Environmental Management

, Volume 12, Issue 5, pp 675–693 | Cite as

The nature of cumulative impacts on biotic diversity of wetland vertebrates

  • Larry D. Harris
Section IV Cumulative Impacts to Wetlands and Wildlife

Abstract

There is no longer any doubt that cumulative impacts have important effects on wetland vertebrates. Interactions of species diversity and community structure produce a complex pattern in which environmental impacts can play a highly significant role. Various examples show how wetlands maintain the biotic diversity within and among vertebrate populations, and some of the ways that environmental perturbations can interact to reduce this diversity.

The trophic and habitat pyramids are useful organizing concepts. Habitat fragmentation can have severe effects at all levels, reducing the usable range of the larger habitat generalists while threatening the genetic integrity of small, isolated populations. The complexity of trophic interactions, and the propensity, or necessity, of vertebrates to switch from one food source to another—something we know little about—makes using food chain support as a variable for predicting environmental impacts very questionable.

Historical instances illustrate the effects of the accumulation of impacts on vertebrates. At present it is nearly impossible to predict the result of three or more different kinds of perturbations, although long-range effects can be observed. One case in point is waterfowl; while their ingestion of lead shot, harvesting by hunters during migration, and loss of habitat have caused waterfowl populations to decline, the proportional responsibility of these factors has not been determined.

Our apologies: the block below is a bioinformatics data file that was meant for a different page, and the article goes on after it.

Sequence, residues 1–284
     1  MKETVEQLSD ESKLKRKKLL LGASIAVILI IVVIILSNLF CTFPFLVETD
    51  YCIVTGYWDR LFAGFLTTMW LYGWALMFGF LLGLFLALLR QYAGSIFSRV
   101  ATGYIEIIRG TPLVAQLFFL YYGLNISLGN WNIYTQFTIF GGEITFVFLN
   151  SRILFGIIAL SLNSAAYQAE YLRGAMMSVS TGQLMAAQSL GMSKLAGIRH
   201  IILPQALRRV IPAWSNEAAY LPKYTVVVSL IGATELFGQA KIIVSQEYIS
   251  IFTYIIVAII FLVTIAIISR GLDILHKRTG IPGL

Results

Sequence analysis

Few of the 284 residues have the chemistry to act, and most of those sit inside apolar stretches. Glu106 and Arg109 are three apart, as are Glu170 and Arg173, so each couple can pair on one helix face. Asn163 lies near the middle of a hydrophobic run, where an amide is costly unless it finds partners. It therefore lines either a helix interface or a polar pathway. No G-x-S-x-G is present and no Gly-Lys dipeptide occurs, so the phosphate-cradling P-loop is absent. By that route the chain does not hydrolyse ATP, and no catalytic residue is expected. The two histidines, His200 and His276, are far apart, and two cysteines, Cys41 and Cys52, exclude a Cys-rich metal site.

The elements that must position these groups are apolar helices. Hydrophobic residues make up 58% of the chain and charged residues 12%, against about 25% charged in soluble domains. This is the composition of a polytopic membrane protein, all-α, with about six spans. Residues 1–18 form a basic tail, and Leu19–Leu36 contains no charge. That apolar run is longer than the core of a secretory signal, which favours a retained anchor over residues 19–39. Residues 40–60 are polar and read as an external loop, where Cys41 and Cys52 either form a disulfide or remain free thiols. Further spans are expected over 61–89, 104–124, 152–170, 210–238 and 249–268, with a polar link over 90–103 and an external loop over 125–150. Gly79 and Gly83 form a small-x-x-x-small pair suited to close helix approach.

Further examples show multiplicative effects of similar actions, effects with long time lags, diffuse processes in the landscape that may have concentrated effects on a component subsystem, and a variety of other interactions of increasing complexity. Not only is more information needed at all levels; impacts must be assessed on a landscape or regional scale to produce informed management decisions. I conclude that a system of replicate wetland reserves that are allowed to interact naturally with the surrounding landscape will be more effective in preserving biotic diversity than isolated sanctuaries.

Key words

Cumulative impacts Landscape ecology Vertebrate biodiversity Wetland habitat Wetland impacts 

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Copyright information

© Springer-Verlag New York Inc 1988

Authors and Affiliations

  • Larry D. Harris
    • 1
  1. 1.Department of Wildlife and Range Sciences School of Forest Resources and ConservationUniversity of FloridaGainesvilleUSA

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